The China of the Qing Dynasty was an empire long past its prime and usefulness. If the West and later Japan had not come calling when they did, China would have been overrun from it’s western and northern borders eventually anyway. Probably much of it would have fallen under Russian and Uyghur control.

          What you claim as “non-revisionist history” is no more than the revisionism the CCP supports and that which is spouted by every wu mao shill, which is waht you likely are ;)

          • KKK

            And you show your inability to think logically, or to understand objective historical facts. The European powers did carve China up – which alternative reality are you thinking of? Europe’s imperialism in China was simply the last phase in a process of aggression against Asia begun three centuries previously.

            You are actually not making much sense anymore. Nothing in what you have written even remotely supports your delusion that China was responsible for its own colonization, in fact, all you’ve done is show how willfully ignorant you are. So what if China was a shit-hole – that doesn’t justify war or imperialism.

            And the “European model” I described is exactly the model of trade between European countries at the time. They all put up trade barriers to prevent their countries from becoming colonized by other Europeans. Don’t tell me that you believe the EU to be a couple of centuries old? You do, don’t you?

            And yes, you are a fascist revisionist – and a raving nut-job. When did Japan beat the West at its own colonial game? Last time I checked, Japan wound up not actually beating anyone at the colonial game – you know, they lost the war and with it all of their colonies and then were occupied for decades.

            Which mystical history tome gave you the idea that Japan “beat the West at its own colonial game”? Is it the tome with a glowing corona, that is viewed in 3D and actually speaks to you in a loud God-like voice?

          • Well Japan’s colonization of China was much more adept than anything the West accomplished here. If they hadn’t over stepped there bounds and attacked Pearl Harbour,, they probably would have been left in relative peace by the Allies and succeeded in their quest for China. Let’s not forget that it was the treaty of Versailles that permitted the Japanese foothold in China proper in the first place…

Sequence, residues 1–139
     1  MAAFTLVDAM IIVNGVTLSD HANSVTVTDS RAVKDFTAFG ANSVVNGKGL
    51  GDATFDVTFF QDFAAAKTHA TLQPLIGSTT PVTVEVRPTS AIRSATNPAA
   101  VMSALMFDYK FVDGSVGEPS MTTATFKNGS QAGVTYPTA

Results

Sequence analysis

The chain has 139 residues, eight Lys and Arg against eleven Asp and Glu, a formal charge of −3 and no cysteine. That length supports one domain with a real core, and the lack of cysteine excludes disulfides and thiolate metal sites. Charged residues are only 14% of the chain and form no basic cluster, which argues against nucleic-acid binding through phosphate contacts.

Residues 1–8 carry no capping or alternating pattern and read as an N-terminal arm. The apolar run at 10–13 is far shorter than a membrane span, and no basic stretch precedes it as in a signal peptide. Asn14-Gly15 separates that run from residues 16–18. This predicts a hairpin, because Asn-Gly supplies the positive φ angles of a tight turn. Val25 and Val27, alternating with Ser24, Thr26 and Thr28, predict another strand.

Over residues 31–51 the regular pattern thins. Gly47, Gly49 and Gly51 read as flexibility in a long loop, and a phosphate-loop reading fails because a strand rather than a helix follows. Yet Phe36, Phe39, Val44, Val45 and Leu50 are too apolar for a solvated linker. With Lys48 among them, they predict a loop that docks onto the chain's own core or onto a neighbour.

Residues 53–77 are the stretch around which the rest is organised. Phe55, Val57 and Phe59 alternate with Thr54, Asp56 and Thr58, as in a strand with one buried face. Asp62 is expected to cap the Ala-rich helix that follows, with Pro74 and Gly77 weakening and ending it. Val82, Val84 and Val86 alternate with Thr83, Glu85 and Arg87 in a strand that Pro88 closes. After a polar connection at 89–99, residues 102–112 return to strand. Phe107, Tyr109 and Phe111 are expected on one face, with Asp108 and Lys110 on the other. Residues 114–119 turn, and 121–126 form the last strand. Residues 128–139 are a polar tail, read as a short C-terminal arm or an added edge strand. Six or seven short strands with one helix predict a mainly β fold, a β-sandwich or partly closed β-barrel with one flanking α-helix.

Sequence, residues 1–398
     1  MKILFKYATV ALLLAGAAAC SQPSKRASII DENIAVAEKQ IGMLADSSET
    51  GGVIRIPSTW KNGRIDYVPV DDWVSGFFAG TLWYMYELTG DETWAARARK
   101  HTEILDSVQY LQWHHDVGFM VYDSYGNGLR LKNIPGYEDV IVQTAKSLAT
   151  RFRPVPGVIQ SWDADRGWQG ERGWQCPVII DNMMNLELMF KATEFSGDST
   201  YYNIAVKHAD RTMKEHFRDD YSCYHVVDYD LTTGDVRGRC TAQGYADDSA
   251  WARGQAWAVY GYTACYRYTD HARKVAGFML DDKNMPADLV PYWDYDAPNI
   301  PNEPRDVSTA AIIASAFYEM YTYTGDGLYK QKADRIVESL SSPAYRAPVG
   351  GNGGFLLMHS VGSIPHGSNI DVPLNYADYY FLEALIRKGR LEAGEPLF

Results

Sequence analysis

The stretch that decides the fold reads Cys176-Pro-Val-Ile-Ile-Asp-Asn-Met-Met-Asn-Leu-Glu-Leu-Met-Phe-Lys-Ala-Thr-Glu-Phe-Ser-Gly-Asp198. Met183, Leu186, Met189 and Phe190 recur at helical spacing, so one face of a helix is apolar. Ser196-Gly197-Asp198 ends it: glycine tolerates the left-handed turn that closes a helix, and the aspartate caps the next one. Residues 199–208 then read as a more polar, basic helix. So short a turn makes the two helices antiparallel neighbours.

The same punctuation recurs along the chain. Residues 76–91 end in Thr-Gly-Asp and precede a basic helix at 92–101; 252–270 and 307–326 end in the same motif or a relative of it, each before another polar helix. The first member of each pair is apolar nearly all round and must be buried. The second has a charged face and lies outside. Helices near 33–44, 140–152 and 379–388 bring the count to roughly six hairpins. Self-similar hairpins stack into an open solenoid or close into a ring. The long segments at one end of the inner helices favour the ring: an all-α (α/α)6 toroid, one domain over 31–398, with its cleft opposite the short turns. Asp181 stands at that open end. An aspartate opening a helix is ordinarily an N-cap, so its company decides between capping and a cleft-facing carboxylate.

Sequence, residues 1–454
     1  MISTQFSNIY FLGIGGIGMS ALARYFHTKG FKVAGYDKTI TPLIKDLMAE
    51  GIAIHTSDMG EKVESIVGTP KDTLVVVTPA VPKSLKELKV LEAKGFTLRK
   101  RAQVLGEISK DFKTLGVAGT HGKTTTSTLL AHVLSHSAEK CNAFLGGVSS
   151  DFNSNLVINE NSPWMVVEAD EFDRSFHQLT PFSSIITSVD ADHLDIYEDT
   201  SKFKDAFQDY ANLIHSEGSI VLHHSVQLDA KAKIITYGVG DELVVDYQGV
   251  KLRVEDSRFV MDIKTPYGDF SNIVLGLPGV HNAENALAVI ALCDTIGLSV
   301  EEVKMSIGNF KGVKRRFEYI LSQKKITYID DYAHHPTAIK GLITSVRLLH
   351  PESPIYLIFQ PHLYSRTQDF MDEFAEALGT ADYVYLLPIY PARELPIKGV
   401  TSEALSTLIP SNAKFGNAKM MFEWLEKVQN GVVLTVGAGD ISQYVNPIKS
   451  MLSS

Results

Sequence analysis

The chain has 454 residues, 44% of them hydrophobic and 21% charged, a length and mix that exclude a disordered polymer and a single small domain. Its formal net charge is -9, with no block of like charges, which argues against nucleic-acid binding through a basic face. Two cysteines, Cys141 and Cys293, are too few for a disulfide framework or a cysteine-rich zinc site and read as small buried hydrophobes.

The West did not carve China up, they merely established trading ports, something the Qing authorities did agree to allow in the end.

            As for revisionism, if I were to revise the tale, I’d make the Western colonial powers freedom fighters against a brutal Manchu occupation that did not have support of the Chinese people… Try that on for size lol! Or did you think the Qing were Chinese???

            Idiot!

  37. Eli

    B,

    KKK didn’t say it was ALL China’s fault! The subjugation of China by imperial powers was also 1% the fault of the imperial powers.

    Only 99% percent was China’s fault.

  38. KKK

    Oh. I’m not Chinese. I’m British if you must know. But, unlike you, I’m not pretending to be expert on things I know nothing about.

    As for revisionism, you have revised the tale, only in a way that leaves you looking like a fascist nutter.

    Yes, the West did carve up China – as you say, they even gave a piece to Japan, who, incidentally, bombed Pearl Harbour, because the US oil embargo left them with less than a month’s supply of oil. Doesn’t sound much like leaving them “in relative peace” to me.

  39. I’ve spent time in Taiwan,Singapore, and Shanghai…this is an interesting piece: duplicity or as Orwell called it “Double Think” is not just a Mainland Chinese thing, I think it is just Chinese, but the “2 minute hate” is classic communism theatrics. It’s just a milder form of the spontaneous crying over Kim “Starve Your People to Death” Jongil’s death…

  40. Japan has apologized many times, but just not to the liking of the Chinese (and Koreans), strangely the Japanese killed many Singaporean Chinese (whom they felt were communist mainland sympathizers), colonized Taiwan, and invaded HK, but none of those places today seem to hate Japanese much, in fact I would say many of the young love Japan (although Korea is in heated competition for their affections)…also remember many people in Taiwan (at least around Taipei) are KMT refugees whose grandparents and great grandparents were also on the Mainland during WWII (also many folks currently in HK< like Jackie Chan's family were immigrants after the war)…
    strangely Chiang Kaishek sought no war reparations from Japan (who was leader of China during WWII and for a few years after) and Mao didn't seem extremely interested in the issue either, all this anti-Japanese uproar didn't come about until the 1980's!!!! Why?

    http://pmsol3.wordpress.com/2007/12/11/japanese-war-crimes-and-reparations/

    • Chiang Kaishek did his military training in Japan. He actually had friends on the opposing side… At wars end, he protected the Japanese soldiers abandoned in Manchuria as best he could and after taking over Taiwan, quickly developed a friendly relationship between the two countries.